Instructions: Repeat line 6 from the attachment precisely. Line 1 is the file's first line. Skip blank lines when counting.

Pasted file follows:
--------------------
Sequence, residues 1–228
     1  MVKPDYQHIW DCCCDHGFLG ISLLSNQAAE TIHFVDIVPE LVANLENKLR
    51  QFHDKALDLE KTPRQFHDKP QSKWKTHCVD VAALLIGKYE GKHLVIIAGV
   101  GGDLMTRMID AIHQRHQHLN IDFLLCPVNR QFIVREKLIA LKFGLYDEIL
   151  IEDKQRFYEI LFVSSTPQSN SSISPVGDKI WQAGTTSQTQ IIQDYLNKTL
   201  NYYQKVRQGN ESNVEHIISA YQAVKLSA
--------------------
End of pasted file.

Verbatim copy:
   201  NYYQKVRQGN ESNVEHIISA YQAVKLSA